08/19/2012 Topics: Back to School, Meth, Colon Cancer

Please encourage your friends to tune in to WGTK 970am.  Also, encourage them to CALL! the live chat line is (502) 571-0970.  The show airs from 8:06 to 10pm Eastern Time. If your friends are outside the Kentuckiana area, they can stream the show at the link below;  go to www.frager.com.  At the bottom of the home page, click on LIVE NOW!


Tonight’s guests..

8:06 to 9:00 Dr. Amanda Wyrick will discuss what kids and parents face going back to school.
Related links:
Back to School –  Resources & tips from USA.gov
Khan Academy (great videos for kids and parents struggling with their homework)
Teacher Tube (more videos for students, parents, and teachers)
StopBullying.gov — Get Help Now: Bullying can affect you in many ways. You may lose sleep or feel sick. You may want to skip school. You may even be thinking about suicide. If you are feeling hopeless or helpless or know someone that is, please call the LIFELINE at 1-800-273-TALK (8255)

9:06 to 9:45 The subject will be Crime Scene Cleanup and CSI focusing on Dr. Katie Hartman a former medical examiner who will be in the studio, and  Mr Tou Martinez and Donnetta Held both own their own (separate) Crime Scene Cleanup companies. They will discuss their lives and business.  Donetta Held is the CEO of Crisis Cleaning, a woman owned business, which performs death and crime scene cleanup, as well as meth residue decontamination. She is also the author of THE METH SOLUTION; a first of its kind guide for home decontamination.
Questions re Crime Scene Cleanup:
  • 1.      How did you get started cleaning death or crime scenes?
  • 2.      How did you handle it the first time you entered a home with blood splatter?
  • 3.      Have you or your techs ever found anything the police missed?
  • 4.      Do you wear Personal Protection Equipment on all your jobs?
  • 5.      Can a fresh coat of paint effectively cover over the dangers of meth residue or where a suicide or a murder happened?
  • 6.      Once the police bust a meth home and they remove the chemicals used to manufacture an illegal drug lab, haven’t all of the dangers been removed?
  • 7.      What are the harmful effects of meth residue to the home’s occupants?
  • 8.      Are there any tell-tell signs the home might have been a meth lab?
  • 9.      Doesn’t a typical building inspector test for meth prior to a home buyer purchasing a home?
  • 10.  Doesn’t the disclosure law protect consumers and assure that they know the home’s history before the sale?
  • 11.  Is it possible to make meth lab testing a condition of purchase prior to buying or renting a home?
  • 12.  If a property owner tests their property and the results come back positive for meth, what should they do to eliminate the residue in their home?
  • 13.  Can contents that are contaminated with meth residue be cleaned?
  • 14.  Are there any cases where insurance proceeds pay for the cleanup of meth residue in homes?
  • 15.  Can a police dog detect meth residue in homes?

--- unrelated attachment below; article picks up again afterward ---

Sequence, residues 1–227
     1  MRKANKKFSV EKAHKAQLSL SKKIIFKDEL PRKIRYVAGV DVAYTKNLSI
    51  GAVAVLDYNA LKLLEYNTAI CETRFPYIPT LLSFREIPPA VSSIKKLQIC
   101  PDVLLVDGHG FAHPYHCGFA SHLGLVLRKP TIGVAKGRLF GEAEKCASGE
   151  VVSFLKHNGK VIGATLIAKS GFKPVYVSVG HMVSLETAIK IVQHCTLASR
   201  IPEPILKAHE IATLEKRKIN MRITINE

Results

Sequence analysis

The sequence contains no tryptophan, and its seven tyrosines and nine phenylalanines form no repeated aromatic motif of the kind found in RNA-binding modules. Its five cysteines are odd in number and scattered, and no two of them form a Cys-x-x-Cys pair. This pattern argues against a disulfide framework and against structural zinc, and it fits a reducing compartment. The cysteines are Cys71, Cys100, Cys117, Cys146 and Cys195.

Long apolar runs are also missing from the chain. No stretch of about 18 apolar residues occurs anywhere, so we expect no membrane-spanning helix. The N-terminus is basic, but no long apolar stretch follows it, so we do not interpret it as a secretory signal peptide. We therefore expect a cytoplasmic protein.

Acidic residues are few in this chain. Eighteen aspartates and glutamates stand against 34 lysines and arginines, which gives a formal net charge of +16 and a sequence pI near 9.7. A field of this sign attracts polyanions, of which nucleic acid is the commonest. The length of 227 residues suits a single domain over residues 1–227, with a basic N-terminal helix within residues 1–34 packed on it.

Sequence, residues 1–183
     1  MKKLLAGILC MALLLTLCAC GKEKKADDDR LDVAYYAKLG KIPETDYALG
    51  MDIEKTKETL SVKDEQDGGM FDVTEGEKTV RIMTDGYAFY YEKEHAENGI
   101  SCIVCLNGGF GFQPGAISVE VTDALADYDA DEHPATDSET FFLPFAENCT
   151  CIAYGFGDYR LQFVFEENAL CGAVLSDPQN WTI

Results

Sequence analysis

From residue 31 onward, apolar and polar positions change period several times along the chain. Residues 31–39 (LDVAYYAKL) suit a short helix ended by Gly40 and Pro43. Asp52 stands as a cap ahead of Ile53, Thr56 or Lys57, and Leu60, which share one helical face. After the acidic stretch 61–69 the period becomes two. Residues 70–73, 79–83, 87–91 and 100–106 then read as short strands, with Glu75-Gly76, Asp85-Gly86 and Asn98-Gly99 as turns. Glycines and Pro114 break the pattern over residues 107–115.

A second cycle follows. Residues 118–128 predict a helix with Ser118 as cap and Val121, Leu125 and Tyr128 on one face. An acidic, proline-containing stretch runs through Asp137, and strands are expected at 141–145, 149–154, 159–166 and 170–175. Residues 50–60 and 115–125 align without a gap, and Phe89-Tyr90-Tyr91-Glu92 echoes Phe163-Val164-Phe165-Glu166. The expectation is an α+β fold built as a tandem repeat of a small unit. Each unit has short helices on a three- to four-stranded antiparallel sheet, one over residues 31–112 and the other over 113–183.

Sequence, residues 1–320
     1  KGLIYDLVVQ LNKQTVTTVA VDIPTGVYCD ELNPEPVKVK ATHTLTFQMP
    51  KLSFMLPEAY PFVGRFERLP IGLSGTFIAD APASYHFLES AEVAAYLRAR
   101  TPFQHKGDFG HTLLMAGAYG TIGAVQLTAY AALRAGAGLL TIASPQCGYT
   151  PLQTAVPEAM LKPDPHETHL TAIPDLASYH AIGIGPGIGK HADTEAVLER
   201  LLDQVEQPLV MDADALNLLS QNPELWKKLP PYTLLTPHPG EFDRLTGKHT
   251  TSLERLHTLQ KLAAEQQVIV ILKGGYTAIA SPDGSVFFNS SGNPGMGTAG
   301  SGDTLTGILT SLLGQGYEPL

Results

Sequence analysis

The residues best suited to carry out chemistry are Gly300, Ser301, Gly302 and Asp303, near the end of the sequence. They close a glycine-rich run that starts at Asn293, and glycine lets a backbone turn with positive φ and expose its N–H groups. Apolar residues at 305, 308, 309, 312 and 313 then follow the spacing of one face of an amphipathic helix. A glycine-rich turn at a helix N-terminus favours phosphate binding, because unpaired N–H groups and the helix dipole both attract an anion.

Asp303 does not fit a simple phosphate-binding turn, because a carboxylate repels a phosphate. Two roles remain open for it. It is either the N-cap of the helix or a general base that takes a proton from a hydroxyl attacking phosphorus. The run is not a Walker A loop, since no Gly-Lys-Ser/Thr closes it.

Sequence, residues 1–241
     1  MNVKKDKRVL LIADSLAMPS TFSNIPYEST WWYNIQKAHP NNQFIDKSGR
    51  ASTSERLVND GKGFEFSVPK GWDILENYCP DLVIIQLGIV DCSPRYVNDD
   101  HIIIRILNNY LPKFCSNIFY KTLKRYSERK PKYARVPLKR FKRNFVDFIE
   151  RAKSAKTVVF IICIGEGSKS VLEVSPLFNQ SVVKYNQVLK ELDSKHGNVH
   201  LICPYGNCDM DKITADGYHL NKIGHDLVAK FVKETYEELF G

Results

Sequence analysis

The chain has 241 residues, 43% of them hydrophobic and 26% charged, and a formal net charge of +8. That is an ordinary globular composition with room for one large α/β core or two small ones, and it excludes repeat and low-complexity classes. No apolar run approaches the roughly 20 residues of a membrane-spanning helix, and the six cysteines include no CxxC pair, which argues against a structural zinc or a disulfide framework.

Related links (from Crisis Cleaning’s web page):

The last fifteen minutes Dr Frager will have Dr. Whitney Jones in the studio to discuss colon cancer.
Related links:

About the Colon Cancer Prevention Project

Our Challenge

In the U.S., colorectal cancer is the second leading cancer killer among men and women, despite being a highly preventable disease. Because colon cancer usually starts as slow growing precancerous polyps, screening makes prevention possible. When detected early, it can be successfully treated approximately 90% of the time.

Our Mission and Work

The Colon Cancer Prevention Project’s mission is to eliminate preventable colon cancer death and suffering by increasing screening rates through education, advocacy, health systems improvement, and survivor support.

The Project was formed in 2004 and is based in Louisville, Ky., where it works throughout the region. Kentucky is in the top 5 worst states in the country for colon cancer mortality and incidence. The Project works with local, state, and national partners to impact the state, the region, and the country.

The Project’s work includes:

  • Policy work aimed at increasing screening rates
  • Advocating for funds for uninsured and under-insured people to get screened
  • Overseeing relationships with physicians and facilities who are donating services to help uninsured and under-insured people in the Louisville, Ky. community get screened.
  • Distributing more than 1 million “Are You at Risk?” educational pamphlets across the United States
  • Taking the Giant Inflatable Educational Colon, a 20-foot-long, 8-foot-tall colon, into the Kentucky and Southern Indiana community.
  • Staffing health fairs in the community
  • Talking with the media, businesses, non-profits and other groups to raise awareness of colon cancer in Kentucky and across the United States.
  • Sharing stories of people across the United States who have been impacted by colon cancer.
  • Organizing events that support and honor those impacted by colon cancer and raise awareness. Events include our annual Walk Away from Colon Cancer & 5K Run and our Bottoms Up Bash, both held annually in Kentucky.

Our impact

Since the Project was formed in 2004, Kentucky has gone from 49th of all 50 states for colon cancer screening to 32nd. Last year, more than 200 fewer people in Kentucky were diagnosed with colon cancer.

How we are funded

Programs are funded by individual gifts, corporate contributions, and grants.


Colon Cancer Prevention Project
P.O. Box 4039
Louisville, KY 40205
Phone: (502) 290-0288
Toll free: (800) 841-6399
Fax: (502) 721-0400


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